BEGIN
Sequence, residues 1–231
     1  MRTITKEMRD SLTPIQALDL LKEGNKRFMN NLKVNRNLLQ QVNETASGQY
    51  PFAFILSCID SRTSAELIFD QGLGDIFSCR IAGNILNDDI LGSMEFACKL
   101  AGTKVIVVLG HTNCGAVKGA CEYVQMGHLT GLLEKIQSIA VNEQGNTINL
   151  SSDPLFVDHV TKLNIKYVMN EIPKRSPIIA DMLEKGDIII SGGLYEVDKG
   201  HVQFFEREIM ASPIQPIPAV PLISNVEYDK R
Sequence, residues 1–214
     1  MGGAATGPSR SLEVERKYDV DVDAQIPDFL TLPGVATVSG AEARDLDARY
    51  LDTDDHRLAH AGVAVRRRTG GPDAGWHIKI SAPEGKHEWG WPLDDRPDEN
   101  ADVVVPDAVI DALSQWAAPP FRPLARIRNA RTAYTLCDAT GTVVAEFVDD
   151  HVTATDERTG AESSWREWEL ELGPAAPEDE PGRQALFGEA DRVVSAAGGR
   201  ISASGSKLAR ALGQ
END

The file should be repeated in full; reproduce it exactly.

Sequence, residues 1–231
     1  MRTITKEMRD SLTPIQALDL LKEGNKRFMN NLKVNRNLLQ QVNETASGQY
    51  PFAFILSCID SRTSAELIFD QGLGDIFSCR IAGNILNDDI LGSMEFACKL
   101  AGTKVIVVLG HTNCGAVKGA CEYVQMGHLT GLLEKIQSIA VNEQGNTINL
   151  SSDPLFVDHV TKLNIKYVMN EIPKRSPIIA DMLEKGDIII SGGLYEVDKG
   201  HVQFFEREIM ASPIQPIPAV PLISNVEYDK R
Sequence, residues 1–214
     1  MGGAATGPSR SLEVERKYDV DVDAQIPDFL TLPGVATVSG AEARDLDARY
    51  LDTDDHRLAH AGVAVRRRTG GPDAGWHIKI SAPEGKHEWG WPLDDRPDEN
   101  ADVVVPDAVI DALSQWAAPP FRPLARIRNA RTAYTLCDAT GTVVAEFVDD
   151  HVTATDERTG AESSWREWEL ELGPAAPEDE PGRQALFGEA DRVVSAAGGR
   201  ISASGSKLAR ALGQ